[0053] Subsequently to the formation of the barrier layer 38, the recess 32 is filled with plated copper 52 and plated solder 54, as shown in FIG. 10A, or is filled with plated solder 54 alone, as shown in FIG. 10B, to form the vias as described above.

[0054] A plurality of resin sheets 20 formed in this way are stacked as shown in FIG. 2 and integrated by being heated to a predetermined temperature.

[0055] In stacking and integrating a plurality of the resin sheets 20, the exposed end of each via 16 on the second surface of the resin sheet 20 is brought into contact with a predetermined portion of the conductor pattern 10 formed on another resin sheet 20 by desirably regulating the electroplating conditions, such as the plating time, in such a manner as to make the exposed end of the via 16 project somewhat from the second end surface of the resin sheet 20, as shown in FIG. 4. In the case where the exposed end of each via 16 is projected somewhat from the second end surface of the resin sheet 20 as shown in FIG. 4, the electroplating conditions are regulated to assure as uniform a height, of the vias 16, as possible.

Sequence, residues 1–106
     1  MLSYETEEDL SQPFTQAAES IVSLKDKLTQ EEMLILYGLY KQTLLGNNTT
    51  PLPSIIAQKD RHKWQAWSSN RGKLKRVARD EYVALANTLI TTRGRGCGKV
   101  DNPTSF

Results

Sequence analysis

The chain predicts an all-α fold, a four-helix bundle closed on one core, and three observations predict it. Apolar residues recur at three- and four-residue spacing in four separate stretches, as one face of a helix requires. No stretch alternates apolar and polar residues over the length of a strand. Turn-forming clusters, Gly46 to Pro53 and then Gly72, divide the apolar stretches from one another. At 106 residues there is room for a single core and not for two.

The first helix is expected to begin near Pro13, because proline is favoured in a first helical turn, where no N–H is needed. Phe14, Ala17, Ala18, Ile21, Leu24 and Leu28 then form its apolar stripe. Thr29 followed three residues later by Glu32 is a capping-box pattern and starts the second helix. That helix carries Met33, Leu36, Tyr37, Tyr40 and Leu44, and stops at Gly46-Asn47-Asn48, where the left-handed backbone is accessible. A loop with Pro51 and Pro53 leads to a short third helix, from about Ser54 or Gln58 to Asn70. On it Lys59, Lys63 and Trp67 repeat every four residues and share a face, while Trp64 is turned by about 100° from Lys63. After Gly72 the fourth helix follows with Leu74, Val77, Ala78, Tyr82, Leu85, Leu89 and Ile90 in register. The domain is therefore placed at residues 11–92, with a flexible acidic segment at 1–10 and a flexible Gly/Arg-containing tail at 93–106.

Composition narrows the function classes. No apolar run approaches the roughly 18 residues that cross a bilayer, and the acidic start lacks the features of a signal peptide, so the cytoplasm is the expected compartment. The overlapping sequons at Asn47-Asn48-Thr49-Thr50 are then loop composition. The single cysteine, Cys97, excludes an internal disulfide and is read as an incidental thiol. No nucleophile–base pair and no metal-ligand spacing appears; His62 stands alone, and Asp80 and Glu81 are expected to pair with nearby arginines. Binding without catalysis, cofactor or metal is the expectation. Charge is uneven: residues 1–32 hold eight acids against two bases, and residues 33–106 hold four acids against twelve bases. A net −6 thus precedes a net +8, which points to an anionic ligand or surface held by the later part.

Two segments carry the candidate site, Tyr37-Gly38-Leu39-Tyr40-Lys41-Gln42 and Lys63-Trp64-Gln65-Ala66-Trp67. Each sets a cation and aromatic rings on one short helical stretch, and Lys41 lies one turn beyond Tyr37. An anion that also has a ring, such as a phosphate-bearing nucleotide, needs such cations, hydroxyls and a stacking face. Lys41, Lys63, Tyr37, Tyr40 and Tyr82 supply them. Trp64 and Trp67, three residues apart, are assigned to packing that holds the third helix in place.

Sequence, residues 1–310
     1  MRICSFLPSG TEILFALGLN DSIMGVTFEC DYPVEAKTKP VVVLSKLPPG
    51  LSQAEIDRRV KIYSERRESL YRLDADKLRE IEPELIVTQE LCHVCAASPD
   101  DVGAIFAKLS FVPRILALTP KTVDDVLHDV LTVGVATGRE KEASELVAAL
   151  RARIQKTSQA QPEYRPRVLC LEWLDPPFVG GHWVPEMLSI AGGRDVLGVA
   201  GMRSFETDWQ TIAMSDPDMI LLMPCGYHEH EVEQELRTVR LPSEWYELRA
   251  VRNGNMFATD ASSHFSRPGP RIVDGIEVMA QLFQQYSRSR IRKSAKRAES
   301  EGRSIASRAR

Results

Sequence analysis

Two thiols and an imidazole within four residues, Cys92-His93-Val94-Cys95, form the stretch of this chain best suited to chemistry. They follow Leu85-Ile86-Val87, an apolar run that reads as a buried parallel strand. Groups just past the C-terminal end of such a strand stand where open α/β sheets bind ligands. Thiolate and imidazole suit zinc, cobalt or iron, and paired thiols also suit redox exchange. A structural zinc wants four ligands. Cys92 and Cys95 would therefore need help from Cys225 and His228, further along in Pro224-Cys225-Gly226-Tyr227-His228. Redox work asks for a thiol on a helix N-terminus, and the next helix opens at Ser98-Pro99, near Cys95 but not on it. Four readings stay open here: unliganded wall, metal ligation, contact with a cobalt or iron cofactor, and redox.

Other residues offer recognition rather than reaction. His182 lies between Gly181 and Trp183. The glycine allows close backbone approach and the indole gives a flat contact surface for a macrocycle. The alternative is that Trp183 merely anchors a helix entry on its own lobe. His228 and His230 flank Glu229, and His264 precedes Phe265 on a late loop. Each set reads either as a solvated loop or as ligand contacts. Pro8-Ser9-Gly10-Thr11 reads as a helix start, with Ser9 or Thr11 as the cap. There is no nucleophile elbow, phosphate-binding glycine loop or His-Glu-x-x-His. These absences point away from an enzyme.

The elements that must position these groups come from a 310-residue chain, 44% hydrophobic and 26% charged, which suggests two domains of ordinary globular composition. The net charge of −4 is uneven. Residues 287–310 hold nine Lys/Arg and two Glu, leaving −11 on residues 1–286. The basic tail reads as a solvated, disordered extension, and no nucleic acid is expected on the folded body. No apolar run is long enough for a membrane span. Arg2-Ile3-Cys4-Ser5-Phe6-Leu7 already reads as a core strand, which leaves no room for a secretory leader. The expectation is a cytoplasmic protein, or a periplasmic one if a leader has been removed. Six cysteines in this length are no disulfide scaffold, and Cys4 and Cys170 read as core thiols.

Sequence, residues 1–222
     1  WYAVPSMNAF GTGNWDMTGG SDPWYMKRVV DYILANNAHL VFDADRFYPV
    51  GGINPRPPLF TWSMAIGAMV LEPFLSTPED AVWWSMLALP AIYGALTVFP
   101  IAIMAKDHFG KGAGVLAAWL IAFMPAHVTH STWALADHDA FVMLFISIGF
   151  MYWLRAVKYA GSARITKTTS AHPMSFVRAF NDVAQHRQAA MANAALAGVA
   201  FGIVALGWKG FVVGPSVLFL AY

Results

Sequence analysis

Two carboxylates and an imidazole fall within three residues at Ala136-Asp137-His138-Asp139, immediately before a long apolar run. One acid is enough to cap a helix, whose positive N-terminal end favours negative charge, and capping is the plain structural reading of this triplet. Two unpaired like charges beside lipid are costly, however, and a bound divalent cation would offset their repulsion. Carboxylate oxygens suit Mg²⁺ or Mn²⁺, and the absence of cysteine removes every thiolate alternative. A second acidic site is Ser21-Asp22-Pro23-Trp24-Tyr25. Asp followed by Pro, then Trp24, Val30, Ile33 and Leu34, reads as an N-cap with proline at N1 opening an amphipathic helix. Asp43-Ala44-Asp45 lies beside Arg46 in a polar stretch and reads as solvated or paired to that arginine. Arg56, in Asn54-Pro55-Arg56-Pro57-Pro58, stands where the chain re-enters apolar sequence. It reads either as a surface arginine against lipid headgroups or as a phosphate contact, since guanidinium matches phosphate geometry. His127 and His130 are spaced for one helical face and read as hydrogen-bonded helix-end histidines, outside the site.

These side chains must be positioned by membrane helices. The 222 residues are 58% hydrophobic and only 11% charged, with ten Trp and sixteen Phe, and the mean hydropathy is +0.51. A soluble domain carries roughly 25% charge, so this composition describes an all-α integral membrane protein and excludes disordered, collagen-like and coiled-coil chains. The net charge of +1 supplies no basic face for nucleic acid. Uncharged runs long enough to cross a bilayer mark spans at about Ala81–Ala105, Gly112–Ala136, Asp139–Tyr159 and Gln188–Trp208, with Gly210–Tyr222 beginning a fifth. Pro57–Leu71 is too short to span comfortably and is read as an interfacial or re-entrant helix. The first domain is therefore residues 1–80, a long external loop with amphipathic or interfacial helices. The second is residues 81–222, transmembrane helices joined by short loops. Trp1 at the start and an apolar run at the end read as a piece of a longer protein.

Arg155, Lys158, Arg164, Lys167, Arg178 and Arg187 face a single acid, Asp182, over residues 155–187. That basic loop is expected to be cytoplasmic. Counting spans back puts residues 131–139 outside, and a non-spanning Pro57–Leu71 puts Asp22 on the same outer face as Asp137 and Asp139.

[0056] For integrating by heating a plurality of the resin sheets 20 in stack, it is desirable to conduct the heat treatment using a vacuum-thermal press according to the temperature profile shown in FIG. 5 while at the same time removing the gas generated by the heat treatment from the laminate as quickly as possible.